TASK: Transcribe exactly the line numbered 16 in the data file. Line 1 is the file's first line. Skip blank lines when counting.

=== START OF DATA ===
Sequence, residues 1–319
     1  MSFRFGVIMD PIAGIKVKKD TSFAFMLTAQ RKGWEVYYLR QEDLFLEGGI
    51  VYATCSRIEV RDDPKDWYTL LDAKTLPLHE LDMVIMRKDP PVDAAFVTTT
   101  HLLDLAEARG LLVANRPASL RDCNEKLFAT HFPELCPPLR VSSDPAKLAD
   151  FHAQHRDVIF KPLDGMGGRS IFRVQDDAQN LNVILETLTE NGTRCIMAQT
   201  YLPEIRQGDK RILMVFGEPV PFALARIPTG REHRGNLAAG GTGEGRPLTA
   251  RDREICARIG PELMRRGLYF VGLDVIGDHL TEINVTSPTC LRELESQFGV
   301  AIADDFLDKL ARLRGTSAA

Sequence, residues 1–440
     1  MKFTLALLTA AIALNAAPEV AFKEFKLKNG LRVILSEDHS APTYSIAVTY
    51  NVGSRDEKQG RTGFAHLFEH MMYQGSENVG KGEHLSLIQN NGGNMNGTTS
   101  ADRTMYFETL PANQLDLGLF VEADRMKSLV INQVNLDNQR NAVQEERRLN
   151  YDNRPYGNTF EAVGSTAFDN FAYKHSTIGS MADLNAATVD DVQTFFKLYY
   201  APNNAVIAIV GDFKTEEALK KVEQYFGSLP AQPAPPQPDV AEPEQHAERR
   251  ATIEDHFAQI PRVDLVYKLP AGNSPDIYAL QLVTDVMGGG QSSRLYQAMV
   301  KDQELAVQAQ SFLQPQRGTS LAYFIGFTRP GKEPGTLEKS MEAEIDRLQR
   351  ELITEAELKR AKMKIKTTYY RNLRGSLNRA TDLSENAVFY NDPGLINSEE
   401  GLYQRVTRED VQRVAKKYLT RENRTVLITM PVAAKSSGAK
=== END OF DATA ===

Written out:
   301  KDQELAVQAQ SFLQPQRGTS LAYFIGFTRP GKEPGTLEKS MEAEIDRLQR